One of Microsoft’s top security executives said the company has never been asked by the United States government to build a backdoor into any of its products, and if the company was asked, it would fight the order in the courts.

Since the Edward Snowden revelations began last summer, there have been many stories insinuating that large technology vendors such as Microsoft, Google and others may have built backdoors into some of their products in order to enable intelligence agencies or law enforcement to exploit them. Specifically, some of the documents leaked by Snowden last year illustrated close cooperation between Microsoft and the U.S. government on gaining access to some customers’ communications.

Microsoft officials have said that they only provide the cooperation that is required by law or court orders and nothing more. On Thursday, Scott Charney, corporate vice president of Trustworthy Computing at Microsoft, said in a panel discussion at The Aspen Institute that the company would be very hostile to any suggestion of inserting a backdoor into one of its products. Asked specifically about the a backdoor in Skype, which Microsoft bought in 2011, Charney refuted any notion that the government had asked for backdoor access to the product.

“One, they have never done that, and two, we would fight it tooth and nail in the courts,” Charney said. “Under the wiretapping statutes and FISA you can be compelled to provide technical assistance. If they said, put in a backdoor or something like that, we would fight it all the way to the Supreme Court.”

Aside from the potential legal ramifications of such a move, Charney said that granting law enforcement or an intelligence agency secret access to customer data without a warrant or court order would be financial suicide for Microsoft.

“If the government did that, and I really don’t think they would, it would be at the complete expense of American competitiveness,” he said. “Because if we put in a backdoor for the U.S. government, we couldn’t sell anywhere in the world, not even in America.”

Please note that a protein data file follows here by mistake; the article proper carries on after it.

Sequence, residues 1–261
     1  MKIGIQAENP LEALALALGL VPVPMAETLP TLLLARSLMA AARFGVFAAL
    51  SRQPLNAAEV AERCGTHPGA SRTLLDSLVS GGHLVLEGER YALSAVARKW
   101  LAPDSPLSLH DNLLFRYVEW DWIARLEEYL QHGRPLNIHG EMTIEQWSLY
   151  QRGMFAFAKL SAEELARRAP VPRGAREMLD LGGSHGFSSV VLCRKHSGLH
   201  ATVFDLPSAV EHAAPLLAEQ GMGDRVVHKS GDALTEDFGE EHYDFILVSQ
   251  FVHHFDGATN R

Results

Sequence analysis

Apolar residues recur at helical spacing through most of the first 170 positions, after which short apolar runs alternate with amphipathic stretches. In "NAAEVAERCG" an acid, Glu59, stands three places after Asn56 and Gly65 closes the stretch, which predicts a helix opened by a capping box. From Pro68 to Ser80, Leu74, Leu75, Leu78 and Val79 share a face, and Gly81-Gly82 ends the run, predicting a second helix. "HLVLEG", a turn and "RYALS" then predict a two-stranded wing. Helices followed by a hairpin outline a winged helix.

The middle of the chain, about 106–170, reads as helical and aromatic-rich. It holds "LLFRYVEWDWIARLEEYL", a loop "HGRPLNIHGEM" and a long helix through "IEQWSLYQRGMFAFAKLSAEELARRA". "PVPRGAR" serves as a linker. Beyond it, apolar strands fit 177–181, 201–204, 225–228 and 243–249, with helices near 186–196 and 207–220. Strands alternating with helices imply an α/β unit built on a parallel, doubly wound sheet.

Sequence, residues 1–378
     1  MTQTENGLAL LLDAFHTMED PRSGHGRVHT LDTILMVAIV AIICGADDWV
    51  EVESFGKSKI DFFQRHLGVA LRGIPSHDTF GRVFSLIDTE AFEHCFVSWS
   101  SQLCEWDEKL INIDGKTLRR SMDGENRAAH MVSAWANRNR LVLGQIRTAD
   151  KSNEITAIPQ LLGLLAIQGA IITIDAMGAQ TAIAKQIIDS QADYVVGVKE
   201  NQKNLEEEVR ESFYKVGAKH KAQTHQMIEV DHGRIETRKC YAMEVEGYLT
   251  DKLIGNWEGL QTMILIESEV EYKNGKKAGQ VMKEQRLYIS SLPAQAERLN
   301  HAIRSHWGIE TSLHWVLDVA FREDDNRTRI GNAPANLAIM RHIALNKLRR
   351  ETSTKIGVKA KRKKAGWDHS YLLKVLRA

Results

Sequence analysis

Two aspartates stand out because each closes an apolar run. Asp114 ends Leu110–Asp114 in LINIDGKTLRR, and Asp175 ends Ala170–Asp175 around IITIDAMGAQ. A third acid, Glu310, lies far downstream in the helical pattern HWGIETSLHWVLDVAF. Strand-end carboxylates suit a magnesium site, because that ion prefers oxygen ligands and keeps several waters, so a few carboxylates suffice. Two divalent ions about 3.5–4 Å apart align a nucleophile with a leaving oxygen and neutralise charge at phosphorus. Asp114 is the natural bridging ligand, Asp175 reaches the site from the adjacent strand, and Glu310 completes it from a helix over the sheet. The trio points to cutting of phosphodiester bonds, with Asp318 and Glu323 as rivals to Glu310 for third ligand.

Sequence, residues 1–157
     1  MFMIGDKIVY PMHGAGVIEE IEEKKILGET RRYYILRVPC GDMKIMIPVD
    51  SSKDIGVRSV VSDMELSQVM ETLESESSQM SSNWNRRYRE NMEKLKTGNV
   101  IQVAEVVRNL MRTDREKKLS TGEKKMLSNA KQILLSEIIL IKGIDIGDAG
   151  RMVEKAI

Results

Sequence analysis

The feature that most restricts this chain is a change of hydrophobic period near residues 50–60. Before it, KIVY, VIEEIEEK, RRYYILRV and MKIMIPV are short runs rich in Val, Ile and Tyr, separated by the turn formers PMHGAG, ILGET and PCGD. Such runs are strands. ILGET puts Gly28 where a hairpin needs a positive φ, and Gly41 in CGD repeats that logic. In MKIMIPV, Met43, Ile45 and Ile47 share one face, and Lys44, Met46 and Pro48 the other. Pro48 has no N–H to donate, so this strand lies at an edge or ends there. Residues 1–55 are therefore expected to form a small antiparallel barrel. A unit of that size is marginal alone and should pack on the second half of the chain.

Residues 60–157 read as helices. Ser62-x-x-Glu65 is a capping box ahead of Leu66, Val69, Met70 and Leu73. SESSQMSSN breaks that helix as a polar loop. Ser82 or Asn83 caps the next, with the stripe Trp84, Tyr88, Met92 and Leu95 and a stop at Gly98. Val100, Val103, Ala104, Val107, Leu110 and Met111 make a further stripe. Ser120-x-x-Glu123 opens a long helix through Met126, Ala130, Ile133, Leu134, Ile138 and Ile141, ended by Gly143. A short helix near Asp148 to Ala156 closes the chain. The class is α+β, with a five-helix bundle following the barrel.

Categories: Government, Microsoft, Privacy, Web Security

Comments (7)

  1. R. King

    Well, if I were the CIA, the NSA, or any other nefarious organization trying to get a backdoor into a system, I would’t talk to the company, I’d talk to the company’s sofware engineers.

    I’d find one that can be leveraged — someone with financial difficulties, letal problems, etc… and offer to make those problems go away if they’s just insert a little “bug” into this or that section of code.

    Then I’d use the hell out of it until the bug is found and patched. Then I’d do it all over again.

  2. Anonymous

    Sadly, his words have zero value as long as a legal system that makes his words meaningless is in place.

    The “court” that takes care of this is the FISA court, which is a secret court, which does secret rulings with laws that are secret. If that court rules that Microsoft must place a backdoor, it must, and it must also deny it to the public exactly in the way it is denying it right now.

    I am sad, now I can’t communicate with all of those naive people who still trust and use Skype and use Skype as their primary means of communication.

  3. pitchfork

    uhhh… General motors hid an ignition switch flaw for over a decade that killed 13 people. They lied over and over. When is the last time you believed what comes out of a scumbag Corporation exec’s mouth?

  4. Anonymous

    Well, correct me if I’m wrong, but I recall that there is a stupid law that would REQUIRE Microsoft to lie in case such backdoors did exist. I am not accusing anyone, just sayin’ that such unproven statement are worthless (and make you look dumb).

  5. Anonymous

    A terrific overly specific denial. Why would NSA need a backdoor when MS will provide any data outright? ANd of course, if the NSA discovers a backdoor vulnerability and asks MS not to fix it, well that’s fine too.

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